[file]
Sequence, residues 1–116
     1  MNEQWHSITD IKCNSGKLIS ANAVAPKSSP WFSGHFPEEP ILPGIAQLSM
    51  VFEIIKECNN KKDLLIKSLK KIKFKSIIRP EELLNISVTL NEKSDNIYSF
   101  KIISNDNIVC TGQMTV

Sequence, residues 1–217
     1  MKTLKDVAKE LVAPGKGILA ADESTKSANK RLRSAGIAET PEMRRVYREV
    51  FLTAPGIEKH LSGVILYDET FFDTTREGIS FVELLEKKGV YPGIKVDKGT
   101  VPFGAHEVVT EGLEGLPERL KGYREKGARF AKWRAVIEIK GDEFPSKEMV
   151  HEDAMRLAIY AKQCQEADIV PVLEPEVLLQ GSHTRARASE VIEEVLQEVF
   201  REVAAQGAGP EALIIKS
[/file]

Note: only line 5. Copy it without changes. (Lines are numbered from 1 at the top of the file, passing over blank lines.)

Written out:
Sequence, residues 1–217